“That looks kind of scary,” one friend said as I shared some of my photos of my Antarctica trip over cocktails after returning home.
“It looks cold. I’m not sure that’s going on my bucket list,” said another.
Indeed, polar cruises are not for everyone. Yes, it’s cold. And Antarctica is especially severe, with conditions like katabatic winds that can change from zero to 60 mph in a matter of seconds.
After our rough sailing through the Drake Passage, we awoke our first morning in the South Shetland Islands to a calm and mostly sunny day, where we hiked and saw our first penguins on Deception Island. But that weather didn’t hold.
The next morning, just as we finished boarding our Zodiac for a morning cruise, the captain’s voice came over the radio to halt operations. As the day wore on, conditions intensified, and despite the crew’s best efforts to find a calm in the storm, we ended up in 100-knot winds with snow around us literally blowing in every direction. Again, the captain—whose announcements came to be dubbed jokingly by one passenger as “the voice of doom”—came on the PA system to let us know we wouldn’t be able to make any afternoon outings.
Tucked safely on our comfortable luxury yacht, however, no one seemed to really mind. In fact, cheers went up when the champagne came out because you’re not supposed to partake in Atlas’s unlimited alcoholic beverages policy on expedition days until the off-ship activities are over.
Arctic cruises, too, are unpredictable, though Antarctica is wilder in part because of its dramatic wind shifts. And while there is less ice in the north, it can still have a big impact. In July, for instance, we were almost unable to make any landings in eastern Greenland due to ice buildup along the shore.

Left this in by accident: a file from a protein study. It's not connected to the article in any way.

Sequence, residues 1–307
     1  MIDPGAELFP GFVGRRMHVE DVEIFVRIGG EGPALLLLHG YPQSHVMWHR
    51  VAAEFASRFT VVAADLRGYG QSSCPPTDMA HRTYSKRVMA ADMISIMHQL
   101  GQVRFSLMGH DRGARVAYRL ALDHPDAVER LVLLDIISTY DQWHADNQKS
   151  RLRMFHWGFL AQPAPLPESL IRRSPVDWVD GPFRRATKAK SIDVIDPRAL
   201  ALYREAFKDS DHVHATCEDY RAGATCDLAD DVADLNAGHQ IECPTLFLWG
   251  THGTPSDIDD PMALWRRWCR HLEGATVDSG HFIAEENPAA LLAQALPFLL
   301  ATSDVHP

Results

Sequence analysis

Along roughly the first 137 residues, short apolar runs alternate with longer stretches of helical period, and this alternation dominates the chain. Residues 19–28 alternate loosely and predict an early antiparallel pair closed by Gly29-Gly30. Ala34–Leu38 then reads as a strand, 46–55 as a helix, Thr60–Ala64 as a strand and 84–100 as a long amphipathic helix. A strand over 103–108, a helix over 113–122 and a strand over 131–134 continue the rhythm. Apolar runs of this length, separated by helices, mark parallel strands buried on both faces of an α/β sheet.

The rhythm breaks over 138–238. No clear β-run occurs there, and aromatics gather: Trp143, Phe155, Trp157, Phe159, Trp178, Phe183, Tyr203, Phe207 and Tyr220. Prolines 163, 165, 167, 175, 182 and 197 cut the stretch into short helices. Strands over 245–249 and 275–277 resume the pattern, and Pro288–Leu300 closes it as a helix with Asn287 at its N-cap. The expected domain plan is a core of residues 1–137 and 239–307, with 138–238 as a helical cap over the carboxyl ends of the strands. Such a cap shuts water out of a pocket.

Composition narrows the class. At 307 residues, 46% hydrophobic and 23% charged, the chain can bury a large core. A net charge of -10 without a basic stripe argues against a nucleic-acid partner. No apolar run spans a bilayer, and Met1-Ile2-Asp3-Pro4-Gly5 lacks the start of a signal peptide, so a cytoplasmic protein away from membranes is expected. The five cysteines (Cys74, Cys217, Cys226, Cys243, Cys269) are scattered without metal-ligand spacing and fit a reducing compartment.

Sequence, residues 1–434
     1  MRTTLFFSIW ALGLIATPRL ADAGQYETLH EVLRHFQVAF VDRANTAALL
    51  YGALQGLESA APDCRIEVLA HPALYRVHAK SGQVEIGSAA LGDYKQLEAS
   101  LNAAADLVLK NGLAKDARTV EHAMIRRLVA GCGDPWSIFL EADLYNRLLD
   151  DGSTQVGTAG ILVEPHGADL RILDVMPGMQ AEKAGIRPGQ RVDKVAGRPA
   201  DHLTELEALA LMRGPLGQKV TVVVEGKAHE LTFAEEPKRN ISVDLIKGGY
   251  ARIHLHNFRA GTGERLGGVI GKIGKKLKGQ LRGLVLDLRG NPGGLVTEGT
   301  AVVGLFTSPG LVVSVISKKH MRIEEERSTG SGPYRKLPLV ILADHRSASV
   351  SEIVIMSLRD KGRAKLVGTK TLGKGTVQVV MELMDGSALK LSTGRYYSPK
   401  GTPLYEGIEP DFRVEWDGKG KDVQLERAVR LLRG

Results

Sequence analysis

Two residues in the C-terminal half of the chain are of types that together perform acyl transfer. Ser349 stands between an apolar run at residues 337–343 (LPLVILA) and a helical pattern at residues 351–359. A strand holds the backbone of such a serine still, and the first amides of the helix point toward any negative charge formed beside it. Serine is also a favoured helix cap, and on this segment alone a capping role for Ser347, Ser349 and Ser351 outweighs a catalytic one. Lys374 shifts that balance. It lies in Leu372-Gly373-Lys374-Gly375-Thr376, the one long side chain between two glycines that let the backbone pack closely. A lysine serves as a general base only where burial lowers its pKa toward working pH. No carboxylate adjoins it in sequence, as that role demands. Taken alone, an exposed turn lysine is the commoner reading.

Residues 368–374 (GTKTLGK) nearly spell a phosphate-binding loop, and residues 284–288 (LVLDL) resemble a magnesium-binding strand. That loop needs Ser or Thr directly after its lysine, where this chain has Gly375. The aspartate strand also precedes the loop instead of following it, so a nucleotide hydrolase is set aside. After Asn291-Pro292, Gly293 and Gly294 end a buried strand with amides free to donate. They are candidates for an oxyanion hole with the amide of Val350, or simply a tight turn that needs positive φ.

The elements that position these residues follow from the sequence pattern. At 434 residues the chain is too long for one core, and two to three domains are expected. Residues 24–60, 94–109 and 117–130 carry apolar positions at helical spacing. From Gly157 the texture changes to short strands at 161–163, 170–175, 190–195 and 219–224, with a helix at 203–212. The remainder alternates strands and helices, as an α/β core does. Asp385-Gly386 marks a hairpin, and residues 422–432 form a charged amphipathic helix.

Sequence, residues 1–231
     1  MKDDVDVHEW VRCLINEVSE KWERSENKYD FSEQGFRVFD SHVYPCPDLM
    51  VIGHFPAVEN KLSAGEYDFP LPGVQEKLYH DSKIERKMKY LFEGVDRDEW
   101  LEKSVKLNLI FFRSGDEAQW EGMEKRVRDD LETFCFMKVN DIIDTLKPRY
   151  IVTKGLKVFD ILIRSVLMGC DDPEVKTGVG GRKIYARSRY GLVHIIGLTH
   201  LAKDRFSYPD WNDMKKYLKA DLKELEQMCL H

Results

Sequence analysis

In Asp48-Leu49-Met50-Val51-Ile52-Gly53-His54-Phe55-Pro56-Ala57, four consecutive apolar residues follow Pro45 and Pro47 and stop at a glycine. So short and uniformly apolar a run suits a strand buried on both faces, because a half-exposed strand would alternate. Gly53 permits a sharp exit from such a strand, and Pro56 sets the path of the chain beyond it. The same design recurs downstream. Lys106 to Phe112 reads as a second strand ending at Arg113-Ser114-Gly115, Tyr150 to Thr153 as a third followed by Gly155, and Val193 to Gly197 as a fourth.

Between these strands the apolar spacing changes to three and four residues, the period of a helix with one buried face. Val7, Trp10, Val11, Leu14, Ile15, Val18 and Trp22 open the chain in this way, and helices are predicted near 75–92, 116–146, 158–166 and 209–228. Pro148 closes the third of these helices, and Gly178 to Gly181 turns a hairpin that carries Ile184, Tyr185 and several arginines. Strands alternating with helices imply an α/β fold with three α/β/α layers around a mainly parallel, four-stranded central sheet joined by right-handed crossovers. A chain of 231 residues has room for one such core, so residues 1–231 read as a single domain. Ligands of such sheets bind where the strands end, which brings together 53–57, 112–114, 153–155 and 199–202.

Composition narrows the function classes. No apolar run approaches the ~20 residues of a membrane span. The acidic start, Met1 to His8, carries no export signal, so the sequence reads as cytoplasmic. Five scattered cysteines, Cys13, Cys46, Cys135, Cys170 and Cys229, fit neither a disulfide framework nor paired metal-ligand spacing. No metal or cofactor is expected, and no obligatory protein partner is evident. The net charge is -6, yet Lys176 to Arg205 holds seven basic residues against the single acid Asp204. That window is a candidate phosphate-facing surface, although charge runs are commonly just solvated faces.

So, whether you go north or south, the No. 1 rule is to be flexible when it comes to weather and sailing conditions.
Another major consideration when choosing between a cruise in Antarctica and sailing the Arctic is what animals you want to see, and how easy you want those viewings to be.
With so many penguins roaming the coasts of Antarctica during the Southern Hemisphere summer (which is winter in the Northern Hemisphere), you are guaranteed to see penguins in the wild—and lots of them—as well as whales and seals.
In the Arctic, you can spend days hiking and riding Zodiacs, hoping to get a glimpse of a polar bear, Arctic foxes, reindeer, walruses, seals, and whales. That often means days of disappointment, only to be followed by euphoria when you finally get a chance to see one of the elusive white giants in the wild, swimming, hunting, or simply resting on a rock. Or when a huddle of curious walruses bob alongside your Zodiac. Or you catch of a glimpse of an Arctic fox running along a river, a freshly caught bird in mouth.
But where the weather in the Antarctic dominates much of one’s activities, in the Arctic it’s all about the polar bears because they are very fast—and very dangerous. Often, sailings will need to change course to ensure the safety of the passengers and that of the polar bears.
Asked about the differences between Arctic and Antarctica cruises, our World Voyager captain said Antarctica is “much wilder.” And you truly are alone.
In the Arctic, many cruises start in Longyearbyen, where you can get a sense of what it’s like to actually live within the Arctic Circle. While most of the cruises are spent in the wild, hiking on islands and taking Zodiac cruises around massive glaciers, ice caps, and icebergs, they typically also make at least one stop on the remote shores of eastern Greenland to visit Indigenous communities—again offering some insight into life in the northernmost reaches of the world.